|▲ Master Builder Lee Gwang-bok|
A South Korean master builder Lee Gwang-bok has built many temples and ancient buildings. Some of them to name are: Bulgwang Temple behind Seokchon Lake in Songpa District, Seoul, Jeokmyeolbogoong of Bongjeongam in Seoraksan, and Jondeokjeong of Changdeok Palace in Seoul.
Lee has built around 200 temples and ancient buildings. He took part in remodeling the Korean Gallery in the British Museum in 2001 and the House of Baek Inje in Bukchon, Seoul, in 2005, and the Haksajae in Ganghwado in 2000.
"I found out that the architectural methods used for Jondeokjeong of Changdeok Palace 300 years ago was exactly matched with my methods. In other words, the techniques have been passed down to me all those years of wars and political turmoils for the last 300 years. And I was overwhelmed knowing that I'm holding these invaluable techniques" says Lee.
"For me, ancient buildings are more than just buildings because they have stories to tell and the spirit of the time they were built. For example, buildings in early Joseon dynasty were strong and powerful but buildings in late years seem to hiding the magnificence behind the scene. There's saying what's good for the goose is good for the gander. So I believe what's good for Koreans is good for the people in the world."
Trees are most common materials to build traditional buildings. If Europeans used fir trees and Japanese sun tress, Koreans used pine trees. Lee uses a 100kg pine tree for the pillars and give details to other parts. When a building is finished, he gives a ritual to spirits for the building to last over a thousand years.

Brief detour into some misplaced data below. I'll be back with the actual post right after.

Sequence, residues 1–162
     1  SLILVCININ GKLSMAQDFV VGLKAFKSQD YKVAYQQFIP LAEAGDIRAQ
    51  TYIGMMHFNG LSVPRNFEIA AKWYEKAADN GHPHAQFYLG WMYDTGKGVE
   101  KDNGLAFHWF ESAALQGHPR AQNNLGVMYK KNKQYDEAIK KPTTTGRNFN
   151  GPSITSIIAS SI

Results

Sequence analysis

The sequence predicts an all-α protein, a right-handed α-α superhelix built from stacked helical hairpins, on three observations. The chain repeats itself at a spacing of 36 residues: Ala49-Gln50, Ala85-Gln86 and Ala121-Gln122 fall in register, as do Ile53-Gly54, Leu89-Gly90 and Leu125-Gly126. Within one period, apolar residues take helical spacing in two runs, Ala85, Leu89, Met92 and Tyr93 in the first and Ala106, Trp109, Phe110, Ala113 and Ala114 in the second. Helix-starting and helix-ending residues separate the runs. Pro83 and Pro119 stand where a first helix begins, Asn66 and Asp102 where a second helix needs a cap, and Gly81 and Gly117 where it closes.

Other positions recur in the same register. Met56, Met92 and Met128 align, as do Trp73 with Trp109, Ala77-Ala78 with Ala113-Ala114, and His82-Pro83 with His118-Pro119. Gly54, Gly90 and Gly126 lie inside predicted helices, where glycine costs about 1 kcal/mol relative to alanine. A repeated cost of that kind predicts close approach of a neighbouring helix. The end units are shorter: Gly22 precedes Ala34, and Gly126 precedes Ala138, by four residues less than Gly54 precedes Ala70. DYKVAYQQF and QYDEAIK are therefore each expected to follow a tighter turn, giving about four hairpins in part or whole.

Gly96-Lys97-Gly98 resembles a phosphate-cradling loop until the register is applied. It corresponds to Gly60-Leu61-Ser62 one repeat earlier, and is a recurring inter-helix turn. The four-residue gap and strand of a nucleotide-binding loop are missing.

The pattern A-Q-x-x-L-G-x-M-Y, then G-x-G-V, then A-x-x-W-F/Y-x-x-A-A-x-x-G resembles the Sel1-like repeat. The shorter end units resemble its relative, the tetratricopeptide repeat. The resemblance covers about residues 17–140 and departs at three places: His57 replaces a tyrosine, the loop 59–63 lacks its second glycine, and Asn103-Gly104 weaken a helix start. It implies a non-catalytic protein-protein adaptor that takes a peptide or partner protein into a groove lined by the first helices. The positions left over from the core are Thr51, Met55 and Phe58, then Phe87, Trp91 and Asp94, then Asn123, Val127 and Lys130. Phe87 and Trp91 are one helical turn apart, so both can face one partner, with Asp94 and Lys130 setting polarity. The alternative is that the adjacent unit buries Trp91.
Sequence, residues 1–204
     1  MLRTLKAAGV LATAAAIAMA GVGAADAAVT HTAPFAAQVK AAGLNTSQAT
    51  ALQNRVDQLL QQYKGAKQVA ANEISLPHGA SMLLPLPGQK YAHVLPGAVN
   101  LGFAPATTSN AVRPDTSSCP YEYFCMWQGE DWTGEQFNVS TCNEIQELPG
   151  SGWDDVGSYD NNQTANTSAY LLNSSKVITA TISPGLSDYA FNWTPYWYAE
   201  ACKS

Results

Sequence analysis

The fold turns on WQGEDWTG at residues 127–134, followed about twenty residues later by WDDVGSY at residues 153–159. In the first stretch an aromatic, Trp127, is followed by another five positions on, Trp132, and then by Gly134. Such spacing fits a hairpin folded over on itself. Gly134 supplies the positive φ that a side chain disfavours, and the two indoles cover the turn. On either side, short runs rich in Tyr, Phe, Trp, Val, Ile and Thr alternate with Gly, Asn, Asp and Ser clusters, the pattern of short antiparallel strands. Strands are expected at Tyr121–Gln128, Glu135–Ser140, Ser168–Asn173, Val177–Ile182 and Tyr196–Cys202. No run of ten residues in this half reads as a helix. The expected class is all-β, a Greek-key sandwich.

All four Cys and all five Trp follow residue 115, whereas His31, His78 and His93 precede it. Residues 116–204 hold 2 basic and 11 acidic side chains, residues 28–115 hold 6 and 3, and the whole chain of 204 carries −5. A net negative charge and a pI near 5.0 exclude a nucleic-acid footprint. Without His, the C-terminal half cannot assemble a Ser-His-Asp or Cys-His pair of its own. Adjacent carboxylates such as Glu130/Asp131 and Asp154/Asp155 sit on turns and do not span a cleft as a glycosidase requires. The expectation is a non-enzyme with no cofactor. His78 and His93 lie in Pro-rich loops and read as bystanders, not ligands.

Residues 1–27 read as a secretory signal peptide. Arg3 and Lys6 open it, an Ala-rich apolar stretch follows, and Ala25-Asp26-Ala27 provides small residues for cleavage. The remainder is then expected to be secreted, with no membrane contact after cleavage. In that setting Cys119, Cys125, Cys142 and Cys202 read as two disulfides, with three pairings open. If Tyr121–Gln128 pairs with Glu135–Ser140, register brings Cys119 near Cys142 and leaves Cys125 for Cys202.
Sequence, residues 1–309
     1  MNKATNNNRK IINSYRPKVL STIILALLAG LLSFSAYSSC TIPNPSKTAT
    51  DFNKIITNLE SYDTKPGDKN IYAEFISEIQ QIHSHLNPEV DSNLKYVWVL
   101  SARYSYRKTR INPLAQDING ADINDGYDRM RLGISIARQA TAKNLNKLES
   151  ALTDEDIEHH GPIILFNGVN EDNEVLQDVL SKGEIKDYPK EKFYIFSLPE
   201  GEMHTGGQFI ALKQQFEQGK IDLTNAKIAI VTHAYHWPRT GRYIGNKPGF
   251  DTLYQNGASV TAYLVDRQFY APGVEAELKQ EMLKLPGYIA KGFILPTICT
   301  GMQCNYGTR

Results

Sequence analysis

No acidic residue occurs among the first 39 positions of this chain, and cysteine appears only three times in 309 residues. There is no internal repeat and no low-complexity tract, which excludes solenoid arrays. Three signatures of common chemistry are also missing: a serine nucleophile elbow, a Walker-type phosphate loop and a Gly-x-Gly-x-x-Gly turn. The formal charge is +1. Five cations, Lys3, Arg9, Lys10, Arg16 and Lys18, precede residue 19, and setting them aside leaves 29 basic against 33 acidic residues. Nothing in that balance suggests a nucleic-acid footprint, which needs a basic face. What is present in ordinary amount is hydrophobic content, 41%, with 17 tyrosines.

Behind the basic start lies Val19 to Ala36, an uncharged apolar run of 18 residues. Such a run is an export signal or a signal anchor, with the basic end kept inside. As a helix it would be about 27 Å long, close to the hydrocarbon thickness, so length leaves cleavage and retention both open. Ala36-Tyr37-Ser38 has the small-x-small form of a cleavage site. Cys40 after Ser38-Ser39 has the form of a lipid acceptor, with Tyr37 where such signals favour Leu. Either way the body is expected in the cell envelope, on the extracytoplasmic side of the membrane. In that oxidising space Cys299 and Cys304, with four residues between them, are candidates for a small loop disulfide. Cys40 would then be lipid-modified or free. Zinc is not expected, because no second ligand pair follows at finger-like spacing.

Lee was born in Jindo County. He learned carpentry from his father and carried on his expertise by majoring architecture at high school and university. He won the grand prize at a national competition when he was in second year high school and started his carpenter's career in earnest at the age of 20. Though young, he trained many carpenters during the course and served as a judge of the national certificate screening board.
Lee learned skills under the instructions of master carpenters Jo Hee-hwan (deceased) and Shin Young-hoon (deceased) and obtained the master's title at the age of 45. Starting with the 5 story wooden pagoda of Botop Temple, he has built and engaged in around 200 buildings ever since.
He started Daejakbulsa of Wongak Temple in New York in 2013 and it is still ongoing for 7 years. He is using 850 year old woods for girders of the 280 square meter Daejakbulsa and the methods he is applying are traditional which must meet the modern criteria.
"A master builder is someone who values highly of tradition, of understanding the principles of the energy, wind and the earth as well as the universe. Also he must pass down the spirit of his ancestors and blow their souls into the building." PowerKorea.
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